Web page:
During curtain call after Thursday’s preview performance of Hadestown, something special and moving happened.Read More
The Church of Jesus Christ of Latter-day Saints stunned me this week by announcing that it was dropping its infamous 2015 “Policy of Exclusion” (as it is commonly known among groups who consider it infamous).Read More
I’m a sucker for live televised events, so I found myself tuning in this week to the General Conference Commercial Event the Apple corporation throws from time to time.Read More
I’m a big fan of Gimlet podcasts. But I won’t be downloading or listening for the time being.Read More
it’s not surprising that Marvel fanboys tried to crash Captain Marvel.Read More
I first fell in love with musicals when my older sister introduced me to the choreography of Bob Fosse. She brought home rentals of movies like Damn Yankees! and Sweet Charity, two movies that taught me that the musical genre could be as abrasive as it was flashy.Read More
In honor of Marvel’s latest superhero release, Captain Marvel, I’m dedicating today’s newsletter to the best superhero films ever made. I was going for a top 10 list, but I ended up needing to include 20.Read More
Emma Thompson was going to lend her voice for the upcoming animated film Luck. Then the film’s studio, Skydance, put John Lasseter in charge.Read More
Of all the Best Picture-nominated films, the one I think should win on Sunday is a superhero movie. If I could nominate any movie from 2018 to receive the Best Picture award on Sunday, it would be a superhero movie.
And those are two different movies.Read More
Trying to watch every film in the Marvel Cinematic Universe in chronological order is a task fit for a superhero.Read More
Disney dropped the first teaser trailer for Frozen 2 (or is it Frozen II?) on Wednesday and I’m still picking my jaw up off the ground.Read More
My friend Chris Wei has a lot of good suggestions.Read More
Pixar teased a reimagined, empowered Bo Peep this week in promotional material for the upcoming Toy Story 4.Read More
Hey fam. A lot has changed since the 2016 election in the United States.Read More
As 2018 wraps, it’s time for me to reflect on my favorites of the year with some 2018 YEAR-END LISTS!Read More
I wrote about the upcoming return of LoveLoud:
Last year, the first LoveLoud Fest drew a crowd of more than 17,000 people to the Brent Brown Ballpark in Orem, generating cheers not only for Imagine Dragons and Neon Trees but also for calls for more inclusion for LGBTQ+ individuals in Utah and throughout conservative religious communities.
Organized by Imagine Dragons frontman Dan Reynolds, the festival was created “to help ignite the relevant and vital conversation of what it means to unconditionally love, understand, accept and support LGBTQ+ youth in an effort to keep families together,” an official FAQ states.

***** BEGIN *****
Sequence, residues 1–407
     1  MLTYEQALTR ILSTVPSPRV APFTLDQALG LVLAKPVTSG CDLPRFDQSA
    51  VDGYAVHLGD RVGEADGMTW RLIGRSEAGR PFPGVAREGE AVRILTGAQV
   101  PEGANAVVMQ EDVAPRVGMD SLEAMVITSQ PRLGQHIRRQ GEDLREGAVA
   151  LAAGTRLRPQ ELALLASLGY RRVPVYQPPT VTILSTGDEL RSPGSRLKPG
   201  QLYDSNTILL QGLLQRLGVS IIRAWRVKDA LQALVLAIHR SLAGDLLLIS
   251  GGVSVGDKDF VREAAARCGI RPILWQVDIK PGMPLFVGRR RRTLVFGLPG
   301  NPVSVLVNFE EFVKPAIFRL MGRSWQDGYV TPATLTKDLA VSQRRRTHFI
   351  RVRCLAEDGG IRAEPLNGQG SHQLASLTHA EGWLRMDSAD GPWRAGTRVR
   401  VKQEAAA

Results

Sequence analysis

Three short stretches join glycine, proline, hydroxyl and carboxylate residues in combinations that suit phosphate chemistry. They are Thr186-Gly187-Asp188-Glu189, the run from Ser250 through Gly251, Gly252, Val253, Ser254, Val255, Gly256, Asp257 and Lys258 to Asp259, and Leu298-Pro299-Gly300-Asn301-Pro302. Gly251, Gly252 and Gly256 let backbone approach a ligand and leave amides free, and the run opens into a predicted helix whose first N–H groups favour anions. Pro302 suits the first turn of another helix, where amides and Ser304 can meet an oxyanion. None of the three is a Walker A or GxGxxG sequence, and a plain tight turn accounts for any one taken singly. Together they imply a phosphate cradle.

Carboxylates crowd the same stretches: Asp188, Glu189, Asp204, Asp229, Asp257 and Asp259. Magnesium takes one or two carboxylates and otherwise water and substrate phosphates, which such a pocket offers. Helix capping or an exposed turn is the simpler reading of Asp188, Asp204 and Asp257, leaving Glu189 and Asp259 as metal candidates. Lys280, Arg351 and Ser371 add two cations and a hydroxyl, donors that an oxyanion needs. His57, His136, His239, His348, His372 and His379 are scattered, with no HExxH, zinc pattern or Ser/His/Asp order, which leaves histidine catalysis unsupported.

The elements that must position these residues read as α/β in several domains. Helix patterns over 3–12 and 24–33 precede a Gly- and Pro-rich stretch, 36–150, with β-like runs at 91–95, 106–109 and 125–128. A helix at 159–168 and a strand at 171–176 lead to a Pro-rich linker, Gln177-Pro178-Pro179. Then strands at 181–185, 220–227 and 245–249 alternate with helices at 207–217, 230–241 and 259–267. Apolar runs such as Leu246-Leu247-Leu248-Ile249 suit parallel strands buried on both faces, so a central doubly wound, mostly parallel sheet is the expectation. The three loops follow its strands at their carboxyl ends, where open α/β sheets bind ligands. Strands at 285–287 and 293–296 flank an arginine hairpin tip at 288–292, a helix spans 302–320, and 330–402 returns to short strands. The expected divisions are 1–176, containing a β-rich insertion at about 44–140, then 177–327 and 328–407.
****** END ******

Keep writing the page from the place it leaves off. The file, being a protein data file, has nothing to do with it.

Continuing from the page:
Saturday, the festival returns in a new location — Rice-Eccles Stadium in Salt Lake City — which has the capacity to more than double last year’s attendance.
“It’s really just a numbers thing,” Reynolds said in a recent phone interview. “We wanted to get as many people in as we possibly could.”
The effort was endorsed last year by The Church of Jesus Christ of Latter-day Saints, but the church’s continued support is an open question.
“We applaud the LoveLoud Festival for LGBT Youth’s aim to bring people together to address teen safety and to express respect and love for all of God’s children,” the church’s statement from 2017 reads. “We join our voice with all who come together to foster a community of inclusion in which no one is mistreated because of who they are or what they believe. We share common beliefs, among them the pricelessness of our youth and the value of families. We earnestly hope this festival and other related efforts can build respectful communication, better understanding, and civility as we all learn from each other.”
The Daily Herald requested a comment from the church in light of the return of the festival and received a new statement, which reads in part, “We remain committed to support community efforts throughout the world to prevent suicide, bullying and homelessness. Every young person should feel loved and cared for in their families, their communities and their congregations.”
But the church’s statement this year does not name the festival, and the church did not clarify — after multiple requests for clarification — the current status of any relationship between the LDS Church and LoveLoud or an update to last year’s endorsement.
“God’s message is one of hope and we want our LGBT brothers and sisters to know that they are loved, valued and needed in His church,” the statement continues.
In this column, I spoke with Dan Reynolds about his faith (and his mom):
On a recent phone call with Imagine Dragons lead Dan Reynolds, I asked him about his Mormon faith.
Specifically, is it harder to stay in The Church of Jesus Christ of Latter-day Saints as a rock star or as an LGBTQ ally?
“To be honest with you, I don’t think it’s hard for any of that,” he said. “Because I really was raised to just do whatever you felt in your heart, regardless of what people think. I really feel like my mom is like the most punk rock woman I know. Which sounds like a real funny thing. She’s this woman that raised nine kids and is super Mormon, but she’s also super intelligent and powerful and did whatever she wanted to do regardless of what people around her thought, and I really get with that.”